For six months, Nabi and Kohee have been in hiding.
They share a two-bedroom apartment in Pakistan with their wives and nine children, who cannot go to school. Undocumented and unable to work, they have their groceries delivered to them once a week through a network of helpers.
They do not leave the house unless there is a medical emergency.
“It’s not ideal,” said Nabi, a former intelligence officer who tracked down Taliban fighters alongside US soldiers during the war in Afghanistan. “But it’s better than being dead.”
Nabi knew he had to leave the country after his base in Helmand province was evacuated a few weeks before the fall of Kabul.
“On that helicopter ride, I got a true view of the strength and power the Taliban had gained, including access to US weapons,” he told The National. “I spent 20 years fighting them … they will never forgive or forget the people who opposed them.”
After the Taliban took Kabul on August 15, Nabi’s house was raided and incentives were offered to reveal his whereabouts, his neighbours said.
“It became apparent they were actively pursuing us … my families’ lives were at stake,” he said.
Nabi, who worked for the country’s National Directorate of Security, desperately tried to find seats for himself and his family on a plane out of the city, joining thousands of others who crowded Kabul airport during the final days of the US withdrawal.
He navigated Taliban checkpoints, was whipped twice in the process, and made a sign displaying the telephone number of a US veteran, Jayson Harpster, who said he was willing to vouch for him.
But the US Army would not listen.
At one point, Nabi was given a location where intelligence officers and their families could enter the airport, but when he arrived with his wife and five children, they were tear gassed by American soldiers.
“It was pure chaos … at that moment, I realised I would never get in,” Nabi said. “I spoke to my family and we agreed that even if we would die trying, we wouldn’t give up.”
Nabi began working with Kohee, a member of the Afghan National Army whom he had met during his time serving in Zabul province, on a new escape plan.
Kohee and his family had also tried to enter the airport but were turned away. He has four children and a baby on the way.
Kohee's wife is Hazara, an ethnic group routinely persecuted by the Taliban. He feared for their safety as the militants marched into Kabul.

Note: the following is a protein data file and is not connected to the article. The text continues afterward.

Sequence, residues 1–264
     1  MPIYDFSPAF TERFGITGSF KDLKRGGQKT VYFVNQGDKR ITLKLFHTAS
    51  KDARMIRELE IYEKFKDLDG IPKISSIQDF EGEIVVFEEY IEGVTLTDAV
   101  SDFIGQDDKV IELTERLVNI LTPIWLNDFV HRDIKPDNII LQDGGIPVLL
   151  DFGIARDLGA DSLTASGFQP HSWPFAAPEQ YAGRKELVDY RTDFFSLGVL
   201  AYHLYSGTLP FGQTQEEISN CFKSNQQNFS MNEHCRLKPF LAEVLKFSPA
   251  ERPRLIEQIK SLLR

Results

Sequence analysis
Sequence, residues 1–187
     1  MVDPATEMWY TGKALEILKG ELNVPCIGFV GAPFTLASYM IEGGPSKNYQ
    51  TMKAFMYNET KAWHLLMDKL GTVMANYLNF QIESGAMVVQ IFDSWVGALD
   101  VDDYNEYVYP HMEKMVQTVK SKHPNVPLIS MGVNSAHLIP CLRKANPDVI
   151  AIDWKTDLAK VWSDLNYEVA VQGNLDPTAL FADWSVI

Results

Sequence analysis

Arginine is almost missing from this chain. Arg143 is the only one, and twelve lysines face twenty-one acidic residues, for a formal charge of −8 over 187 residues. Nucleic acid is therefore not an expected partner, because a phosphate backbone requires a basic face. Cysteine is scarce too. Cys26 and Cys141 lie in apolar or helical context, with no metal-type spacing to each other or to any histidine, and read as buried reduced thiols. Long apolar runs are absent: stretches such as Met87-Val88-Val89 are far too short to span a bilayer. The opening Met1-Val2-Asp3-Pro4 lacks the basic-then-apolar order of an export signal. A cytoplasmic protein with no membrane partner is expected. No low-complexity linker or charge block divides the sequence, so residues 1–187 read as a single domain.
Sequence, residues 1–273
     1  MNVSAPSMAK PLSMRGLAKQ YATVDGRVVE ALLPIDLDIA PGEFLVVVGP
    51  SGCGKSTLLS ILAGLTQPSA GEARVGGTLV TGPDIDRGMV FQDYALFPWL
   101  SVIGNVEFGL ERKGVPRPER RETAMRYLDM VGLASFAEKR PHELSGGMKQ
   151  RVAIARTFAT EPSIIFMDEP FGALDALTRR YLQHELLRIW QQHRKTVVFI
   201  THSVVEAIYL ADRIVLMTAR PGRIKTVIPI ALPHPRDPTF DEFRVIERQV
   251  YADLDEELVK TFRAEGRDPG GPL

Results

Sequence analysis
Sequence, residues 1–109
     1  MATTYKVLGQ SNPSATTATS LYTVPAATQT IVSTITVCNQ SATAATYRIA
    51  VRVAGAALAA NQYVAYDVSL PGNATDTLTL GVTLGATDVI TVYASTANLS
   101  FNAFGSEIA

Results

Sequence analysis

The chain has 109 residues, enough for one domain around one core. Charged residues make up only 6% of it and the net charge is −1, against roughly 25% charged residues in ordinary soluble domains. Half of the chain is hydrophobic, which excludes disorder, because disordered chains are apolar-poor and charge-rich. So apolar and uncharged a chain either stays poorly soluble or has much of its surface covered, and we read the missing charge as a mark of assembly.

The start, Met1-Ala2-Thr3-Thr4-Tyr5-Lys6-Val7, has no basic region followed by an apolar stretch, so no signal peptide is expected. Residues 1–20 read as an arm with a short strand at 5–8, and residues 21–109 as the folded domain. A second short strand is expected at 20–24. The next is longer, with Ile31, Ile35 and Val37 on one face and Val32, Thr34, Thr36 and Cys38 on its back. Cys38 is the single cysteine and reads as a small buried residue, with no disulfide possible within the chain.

The National is not using the men's full names to protect their identity.
“The Taliban were threatening to kill us and take our young daughters and wives,” Kohee said.
“They were looking for people like us.”
The two families packed water and other essentials and boarded buses to the border with Pakistan. Walking through open sewage and piles of rubbish, they crossed under the cover of darkness.
Without documentation, they were turned away from Pakistan’s hotels and were unable to purchase active SIM cards. The families slept rough in the slums until Mr Harpster, the US veteran who had vouched for them in Kabul, arranged for a helper to pick them up and take them to a safe house.
“We are alive,” said Nabi, “but every day here, there is a fear of being caught and sent back to the Taliban.
“If we are deported, we will most certainly be killed, and even worse, our wives and daughters will be in their hands.
“We want our children to be able to seek an education and for once — just once — not live a life where they are in hiding or in fear of death.”
‘If we’re not successful, this will be on my conscience forever’
Inside the first-floor apartment of a Washington town house, Mr Harpster proudly displays his Bronze Star, which he earned for producing intelligence reports on the Taliban while being deployed in Zabul province.
The former sergeant who served twice in Afghanistan met Kohee and Nabi on his second deployment from 2011-2012.
“Nabi and Kohee were as much a part of that as I was … they were my partners in everything I did over there,” said Mr Harpster. “That ought to count for something … but instead, it’s a death sentence for them.”
Mr Harpster is one of many US veterans trying to bring their Afghan friends to safety following the end of the war. The three of them were part of a team that helped streamline a process for US forces and Afghans to share intelligence and collaborate.
He said Nabi and Kohee opposed the corruption that plagued many Afghan institutions and were always dedicated to the US mission.
And that has been one of the hardest things to face about his current situation, Nabi said.